The focus of the Glaeser's affection is Camp Speers-Eljabar, a Y.M.C.A. camp located in Dingmans Ferry, Pennsylvania just across the Delaware River from northwestern New Jersey that opened in 1948. Mr. Glaeser, 51, is a New Jersey state treasury agent. He provided some historical background about the camp.
"It was opened as the first integrated camp, accepting kids of all nationalities and colors," he said. "Even the Y.M.C.A. was somewhat segregated back then, but this camp was open to everybody from the beginning."
James Speers, one of the co-founders of the camp, was from Westfield, New Jersey, and many of the original campers came from towns near Westfield such as Madison, Clark and Morristown. But Mr. Glaeser remembered that a lot of kids came from Jersey City and Newark to attend one of the two-week summer sessions out of a total of four sessions when he attended and then worked as a counselor at the camp from 1963 to 1972.
His daughter Tara, 20, who is about to be a senior psychology major at Springfield College in Springfield, Massachusetts, has gone to Camp Speers-Eljabar for 11 years. She went six years as a camper, and has now worked for five years as a counselor. She noted that the diverse camp population trend has continued over the years.
"There are still a lot of kids that come out of Newark," she said. "A lot of kids come from Morristown. Morristown can be very wealthy, but not everyone who lives there is."
Both Glaesers note that the camp is the beneficiary of a lot of donations and endowments that allows many children who would not be able to afford to go to camp to be able to attend.
Camp activities and attitude
Once campers between the ages of 8 and 16 arrive, they soon dive into the activities that are common to any good summer camp: hiking, kayaking, canoeing, swimming, fishing and arts and crafts, among other activities. According to Tara Glaeser, a lot of the socioeconomic distinctions that mark our society fade away inside the camp's confines.
"When you go to camp, you're you," she said. "You're not judged by how much money your family makes, or what type of clothing you're wearing. People judge you for who you are. In the real world, people judge you for all kinds of things, especially in places like where we come from, which is just outside New York City. At camp, there is no comparison. I don't think I fell into certain traps that badly because I went to camp my entire life. There is no drama at camp."
Tara Glaser notes that her shift from camper to counselor in many ways paralleled the shift from childhood to adulthood.
"It's responsibility," she said. "You know how things are run, and now you are running them. You have to make sure that things are as perfect as it was when you were a camper. If it's not, then those kids are missing out on something that you had. A counselor can be the person that fixes the past ten years of a child's life in the two-week span that they are at camp. Kids come in with issues galore, and sometimes being away from home, they come out."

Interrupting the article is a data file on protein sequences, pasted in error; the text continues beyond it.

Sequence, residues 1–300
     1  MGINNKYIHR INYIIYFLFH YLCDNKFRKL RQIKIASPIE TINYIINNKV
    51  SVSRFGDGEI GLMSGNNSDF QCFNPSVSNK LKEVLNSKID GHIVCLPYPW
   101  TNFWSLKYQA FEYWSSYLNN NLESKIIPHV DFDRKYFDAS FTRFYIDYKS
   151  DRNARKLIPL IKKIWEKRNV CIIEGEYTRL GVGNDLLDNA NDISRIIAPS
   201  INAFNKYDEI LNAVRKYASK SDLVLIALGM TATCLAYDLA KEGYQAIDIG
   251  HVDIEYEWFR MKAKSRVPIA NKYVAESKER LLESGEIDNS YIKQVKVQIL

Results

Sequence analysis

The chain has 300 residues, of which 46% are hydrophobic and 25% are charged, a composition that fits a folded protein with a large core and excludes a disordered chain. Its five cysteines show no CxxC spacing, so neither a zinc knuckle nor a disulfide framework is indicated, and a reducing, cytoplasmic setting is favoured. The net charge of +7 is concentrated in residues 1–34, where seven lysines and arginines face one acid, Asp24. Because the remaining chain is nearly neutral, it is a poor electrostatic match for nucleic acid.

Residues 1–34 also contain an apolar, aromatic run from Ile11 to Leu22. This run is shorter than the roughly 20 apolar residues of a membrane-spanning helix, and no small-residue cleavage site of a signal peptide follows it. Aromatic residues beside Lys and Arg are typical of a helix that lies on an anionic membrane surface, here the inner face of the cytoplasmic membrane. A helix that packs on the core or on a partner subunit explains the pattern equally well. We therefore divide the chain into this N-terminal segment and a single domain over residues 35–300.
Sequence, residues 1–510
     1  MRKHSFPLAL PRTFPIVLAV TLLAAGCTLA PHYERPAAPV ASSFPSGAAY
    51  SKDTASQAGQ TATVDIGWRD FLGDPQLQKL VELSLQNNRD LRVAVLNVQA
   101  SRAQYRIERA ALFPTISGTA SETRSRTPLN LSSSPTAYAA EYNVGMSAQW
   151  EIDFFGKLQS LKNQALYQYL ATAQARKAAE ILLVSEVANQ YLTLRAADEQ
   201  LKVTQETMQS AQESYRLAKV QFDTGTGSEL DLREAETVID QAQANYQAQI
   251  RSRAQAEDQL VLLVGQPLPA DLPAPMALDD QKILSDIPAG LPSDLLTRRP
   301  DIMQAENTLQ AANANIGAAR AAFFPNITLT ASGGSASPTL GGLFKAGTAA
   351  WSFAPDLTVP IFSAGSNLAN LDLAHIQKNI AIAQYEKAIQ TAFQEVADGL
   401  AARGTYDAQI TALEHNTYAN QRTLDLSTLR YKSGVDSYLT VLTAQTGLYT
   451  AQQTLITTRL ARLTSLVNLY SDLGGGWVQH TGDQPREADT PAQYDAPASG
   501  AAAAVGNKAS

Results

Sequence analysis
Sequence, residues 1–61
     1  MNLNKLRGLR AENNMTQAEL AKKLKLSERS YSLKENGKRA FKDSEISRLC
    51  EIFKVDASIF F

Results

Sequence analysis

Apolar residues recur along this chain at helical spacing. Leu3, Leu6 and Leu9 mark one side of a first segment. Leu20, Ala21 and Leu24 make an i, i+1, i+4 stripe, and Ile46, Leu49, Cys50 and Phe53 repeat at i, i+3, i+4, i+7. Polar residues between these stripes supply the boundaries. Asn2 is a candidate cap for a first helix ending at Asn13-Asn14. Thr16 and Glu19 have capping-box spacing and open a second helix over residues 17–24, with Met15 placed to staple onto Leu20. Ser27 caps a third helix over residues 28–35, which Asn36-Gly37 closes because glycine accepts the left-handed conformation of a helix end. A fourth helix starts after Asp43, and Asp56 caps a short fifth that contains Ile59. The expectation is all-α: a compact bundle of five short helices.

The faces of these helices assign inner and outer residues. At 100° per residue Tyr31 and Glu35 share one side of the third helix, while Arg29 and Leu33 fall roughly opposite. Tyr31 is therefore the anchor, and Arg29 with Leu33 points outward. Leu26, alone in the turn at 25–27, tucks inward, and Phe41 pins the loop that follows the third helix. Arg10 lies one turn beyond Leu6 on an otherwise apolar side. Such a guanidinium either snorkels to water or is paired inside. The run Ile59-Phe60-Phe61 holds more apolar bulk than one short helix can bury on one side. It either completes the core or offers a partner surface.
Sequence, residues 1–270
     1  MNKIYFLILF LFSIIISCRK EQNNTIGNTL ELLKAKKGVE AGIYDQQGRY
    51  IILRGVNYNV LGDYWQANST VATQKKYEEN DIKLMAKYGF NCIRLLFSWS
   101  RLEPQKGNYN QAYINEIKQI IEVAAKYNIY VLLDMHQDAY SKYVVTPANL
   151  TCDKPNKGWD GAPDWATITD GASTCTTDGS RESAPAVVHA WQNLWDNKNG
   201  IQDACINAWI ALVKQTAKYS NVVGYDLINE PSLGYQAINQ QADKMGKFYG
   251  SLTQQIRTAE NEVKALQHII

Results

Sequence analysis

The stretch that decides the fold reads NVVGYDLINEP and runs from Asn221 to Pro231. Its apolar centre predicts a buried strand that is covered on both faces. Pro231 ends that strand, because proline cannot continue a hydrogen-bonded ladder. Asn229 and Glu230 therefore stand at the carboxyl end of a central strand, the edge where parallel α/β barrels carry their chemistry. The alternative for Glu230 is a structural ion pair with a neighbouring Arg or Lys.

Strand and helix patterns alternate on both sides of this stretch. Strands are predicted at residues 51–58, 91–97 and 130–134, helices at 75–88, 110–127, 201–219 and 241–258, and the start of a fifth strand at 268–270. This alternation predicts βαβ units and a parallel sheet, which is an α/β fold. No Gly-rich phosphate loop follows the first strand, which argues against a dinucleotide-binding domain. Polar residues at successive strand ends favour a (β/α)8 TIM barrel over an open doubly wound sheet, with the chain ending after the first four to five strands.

A father remembers
Arthur Glaeser notes that there are some changes from when he was a camper and counselor at Camp Speers-Eljabar, but not many.
"Camp hasn't changed, and the philosophy hasn't changed," he said, a philosophy that is based on the four core values of the Y.M.C.A.: honesty, respect, responsibility and caring. "The difference may be that kids have more needs today, and kids may expect a little more. Then again, they do a lot more for kids with special needs now. Me, I was just happy going up there for two weeks. Camp taught me a lot about different types of people. When I grew up in Secaucus, the farmers in the south end of town were Polish, the farmers in the north end were German, and the businessmen downtown were Italian. That was Secaucus, no more, no less. I remember watching the moon landing in the summer of '69 on the only little black and white TV we had up at camp, but I felt I was in a different world anyway."
Tara Glaeser is now getting ready to enter the real world with a whole new perspective on it that she got from her time at camp and from experiences that she shared with her father.
"I'm going into my senior year of college," she said. "My roommate in college is my best friend from camp since I was 12 years old. Our parents have seen us grow up through camp. I have friends from camp that I'll have a lifetime, and I have values I'll take with me throughout my life from camp. It's a second home, and it's a place that I can always go back to. No matter where you are in your life, they'll accept you. There's magic in the place."